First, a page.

One of the stale questions in Turkey is this: "Is Turkey changing axis in its foreign policy?"
The only explanation for why a foreign policy, the basic principles of which have been clearly declared and which has been in force for the past eight years, is still being subjected to this question has to do not with a "change in axis" but with the "stagnation in minds." If our minds could get rid of Cold War-era patterns, we would not keep on asking meaningless questions such as "Is Turkey shifting from the West to the East?"
Let me point out once again that it has been 20 years since the Cold War ended.
Turkey is not changing direction. Turkey is trying to fulfill its national interests as much as it can under the "new international conditions" which first emerged after the fall of the Berlin Wall and then again after the fall of the Twin Towers approximately 10 years later.
And it is achieving this. The "circle of fire" that surrounded Turkey during the Cold War years is turning into a circle of "security and cooperation" in the new period.
Those who persistently ask this question need to understand a particular reality. The Cold War era is over, and that means the era of policies that confined Turkey is over as well. There's nothing more normal than for a country to use its historical experience and geographical opportunities to the full extent to achieve its foreign policy goals. This is what Turkey is doing. It could not do this under Cold War conditions, but it can today.
Those who are worried that Turkey is changing its axis believe there is some "ideological impulse" behind Turkey's decision to develop relations with Muslim countries such as Iran, Iraq and Syria.
But the facts of life do not validate these concerns.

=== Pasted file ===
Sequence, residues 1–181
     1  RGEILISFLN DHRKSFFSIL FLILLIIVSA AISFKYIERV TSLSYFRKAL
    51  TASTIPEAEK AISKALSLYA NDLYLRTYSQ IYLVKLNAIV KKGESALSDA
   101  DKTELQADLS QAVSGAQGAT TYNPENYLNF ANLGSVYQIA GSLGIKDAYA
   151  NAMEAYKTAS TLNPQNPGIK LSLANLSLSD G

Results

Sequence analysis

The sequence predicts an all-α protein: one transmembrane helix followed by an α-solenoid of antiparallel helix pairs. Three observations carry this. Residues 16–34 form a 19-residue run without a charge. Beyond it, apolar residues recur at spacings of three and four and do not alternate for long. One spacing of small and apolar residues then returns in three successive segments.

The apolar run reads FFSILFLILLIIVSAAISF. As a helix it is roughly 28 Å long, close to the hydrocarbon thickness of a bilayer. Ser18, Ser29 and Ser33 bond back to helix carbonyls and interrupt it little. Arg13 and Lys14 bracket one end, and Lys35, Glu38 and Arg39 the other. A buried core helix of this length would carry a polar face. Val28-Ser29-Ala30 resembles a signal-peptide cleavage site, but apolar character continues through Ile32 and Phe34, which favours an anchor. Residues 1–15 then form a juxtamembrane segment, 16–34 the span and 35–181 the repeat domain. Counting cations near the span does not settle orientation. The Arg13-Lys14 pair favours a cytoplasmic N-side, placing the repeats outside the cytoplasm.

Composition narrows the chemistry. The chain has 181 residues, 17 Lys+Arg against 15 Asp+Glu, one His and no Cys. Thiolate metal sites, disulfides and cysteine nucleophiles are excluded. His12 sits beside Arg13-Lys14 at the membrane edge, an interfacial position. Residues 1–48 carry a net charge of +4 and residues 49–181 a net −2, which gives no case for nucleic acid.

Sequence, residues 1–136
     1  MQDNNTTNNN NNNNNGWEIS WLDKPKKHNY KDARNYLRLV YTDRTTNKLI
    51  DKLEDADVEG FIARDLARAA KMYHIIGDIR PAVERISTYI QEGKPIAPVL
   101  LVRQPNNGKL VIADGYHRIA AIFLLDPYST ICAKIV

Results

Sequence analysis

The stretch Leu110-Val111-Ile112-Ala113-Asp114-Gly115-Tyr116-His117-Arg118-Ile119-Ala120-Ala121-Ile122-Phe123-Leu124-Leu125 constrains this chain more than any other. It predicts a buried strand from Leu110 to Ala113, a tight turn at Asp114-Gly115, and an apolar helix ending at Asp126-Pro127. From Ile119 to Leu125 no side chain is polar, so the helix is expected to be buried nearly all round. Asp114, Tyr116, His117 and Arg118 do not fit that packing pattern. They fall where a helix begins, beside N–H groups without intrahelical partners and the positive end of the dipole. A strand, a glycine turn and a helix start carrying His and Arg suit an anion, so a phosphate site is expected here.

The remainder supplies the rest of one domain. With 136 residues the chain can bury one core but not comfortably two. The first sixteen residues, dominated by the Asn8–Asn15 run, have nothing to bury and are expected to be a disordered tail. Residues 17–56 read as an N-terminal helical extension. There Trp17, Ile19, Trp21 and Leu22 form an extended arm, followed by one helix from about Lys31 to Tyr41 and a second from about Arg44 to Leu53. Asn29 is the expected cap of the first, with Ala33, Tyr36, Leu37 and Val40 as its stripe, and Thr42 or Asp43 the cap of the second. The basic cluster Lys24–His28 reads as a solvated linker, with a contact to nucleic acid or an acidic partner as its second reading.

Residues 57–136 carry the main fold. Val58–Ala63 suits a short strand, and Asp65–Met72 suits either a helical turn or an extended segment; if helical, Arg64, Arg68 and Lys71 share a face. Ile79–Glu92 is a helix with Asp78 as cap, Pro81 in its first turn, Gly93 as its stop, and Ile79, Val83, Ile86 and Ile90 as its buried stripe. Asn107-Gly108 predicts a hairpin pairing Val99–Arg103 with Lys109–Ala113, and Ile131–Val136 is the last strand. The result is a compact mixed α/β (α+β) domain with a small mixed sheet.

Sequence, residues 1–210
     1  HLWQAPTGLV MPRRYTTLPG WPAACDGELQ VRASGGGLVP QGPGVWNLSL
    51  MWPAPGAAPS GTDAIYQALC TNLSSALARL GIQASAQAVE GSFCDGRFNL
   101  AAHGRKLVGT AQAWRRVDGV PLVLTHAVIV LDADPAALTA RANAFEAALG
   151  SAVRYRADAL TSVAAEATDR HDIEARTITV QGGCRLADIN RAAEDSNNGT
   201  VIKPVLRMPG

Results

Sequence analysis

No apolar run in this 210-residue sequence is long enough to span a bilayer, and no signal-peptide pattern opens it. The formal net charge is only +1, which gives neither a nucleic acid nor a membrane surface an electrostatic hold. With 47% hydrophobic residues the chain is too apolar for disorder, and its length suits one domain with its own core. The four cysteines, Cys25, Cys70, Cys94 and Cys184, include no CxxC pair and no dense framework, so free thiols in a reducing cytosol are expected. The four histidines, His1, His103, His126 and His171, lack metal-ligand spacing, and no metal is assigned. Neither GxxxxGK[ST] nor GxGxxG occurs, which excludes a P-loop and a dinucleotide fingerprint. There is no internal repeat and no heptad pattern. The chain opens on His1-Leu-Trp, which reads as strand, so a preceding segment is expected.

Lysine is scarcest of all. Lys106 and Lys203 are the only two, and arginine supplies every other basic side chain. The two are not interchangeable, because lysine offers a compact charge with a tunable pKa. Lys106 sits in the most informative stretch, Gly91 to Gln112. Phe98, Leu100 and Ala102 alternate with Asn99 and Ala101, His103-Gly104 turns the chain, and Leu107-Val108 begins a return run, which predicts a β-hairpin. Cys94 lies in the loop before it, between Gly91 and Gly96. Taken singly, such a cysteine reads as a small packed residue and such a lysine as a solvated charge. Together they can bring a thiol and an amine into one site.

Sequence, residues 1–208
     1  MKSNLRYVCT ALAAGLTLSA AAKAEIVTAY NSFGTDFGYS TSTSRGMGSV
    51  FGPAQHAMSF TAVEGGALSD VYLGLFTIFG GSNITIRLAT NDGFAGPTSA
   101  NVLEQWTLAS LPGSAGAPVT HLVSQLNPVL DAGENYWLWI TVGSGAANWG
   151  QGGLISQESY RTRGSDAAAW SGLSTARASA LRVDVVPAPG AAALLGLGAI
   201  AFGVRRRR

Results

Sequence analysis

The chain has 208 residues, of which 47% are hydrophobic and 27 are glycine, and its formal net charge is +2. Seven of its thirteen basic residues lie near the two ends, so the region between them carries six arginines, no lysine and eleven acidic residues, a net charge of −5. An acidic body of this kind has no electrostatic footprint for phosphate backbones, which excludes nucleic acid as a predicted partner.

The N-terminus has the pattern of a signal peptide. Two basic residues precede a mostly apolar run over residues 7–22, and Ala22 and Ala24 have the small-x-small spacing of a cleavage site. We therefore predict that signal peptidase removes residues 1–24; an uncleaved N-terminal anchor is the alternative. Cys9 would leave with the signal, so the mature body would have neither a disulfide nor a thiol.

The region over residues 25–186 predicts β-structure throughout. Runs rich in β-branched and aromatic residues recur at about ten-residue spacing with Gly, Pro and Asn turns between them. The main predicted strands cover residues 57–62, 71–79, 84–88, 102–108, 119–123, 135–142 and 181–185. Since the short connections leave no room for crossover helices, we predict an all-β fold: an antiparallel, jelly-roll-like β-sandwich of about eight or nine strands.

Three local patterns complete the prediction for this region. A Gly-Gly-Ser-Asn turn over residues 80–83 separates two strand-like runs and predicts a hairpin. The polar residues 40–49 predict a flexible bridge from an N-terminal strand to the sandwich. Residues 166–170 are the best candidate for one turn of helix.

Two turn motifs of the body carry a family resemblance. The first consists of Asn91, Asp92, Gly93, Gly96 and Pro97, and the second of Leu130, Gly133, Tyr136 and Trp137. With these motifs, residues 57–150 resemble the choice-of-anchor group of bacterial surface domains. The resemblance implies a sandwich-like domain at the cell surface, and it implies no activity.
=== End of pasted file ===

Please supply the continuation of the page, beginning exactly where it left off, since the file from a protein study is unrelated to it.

In 2004, when relations with the EU picked up, people started asking if we were turning away from the US. When in 2005 Turkey lent momentum to efforts in Iraq on including Sunni Arabs in the political process and opposed the isolation of Syria, people asked, "Are we falling into the Middle East quagmire?"
We should not forget that Turkey made the most progress on its European journey during the period of the current government, which some people are worried about because it is "Islamist." If this is not enough, then just take a look at Turkey's relations with Russia to see how its foreign policy is "multidimensional." Ankara and Moscow have even come to the point of mutually eliminating visa requirements. Turkey signed a cooperative agreement with Moscow that is similar to the high-level strategic agreements of cooperation it signed with Iraq and Syria.
Foreign Affairs Minister Ahmet Davutoğlu has responded to questions on whether Turkey is changing axis several times. The answer he has given is this: "If someone tells Turkey to leave the West and turn toward the East, that person should be told, 'Read some history.' If another person says leave the East and turn toward the West, that person should also be told, 'Read some history'."
A "one course, one dimension" foreign policy axis that restricts Turkey's area of movement and that was imposed on Turkey during the Cold War has changed. Is it so difficult to understand this?
There is no change in axis in Turkey, but there is, in the words of Osman Ulugay, a "paradigm imprisonment" among some of our intellectuals. "We have trouble understanding what's going on when we view the changing world without changing our paradigm," Ulugay said.
19 June 2010, Saturday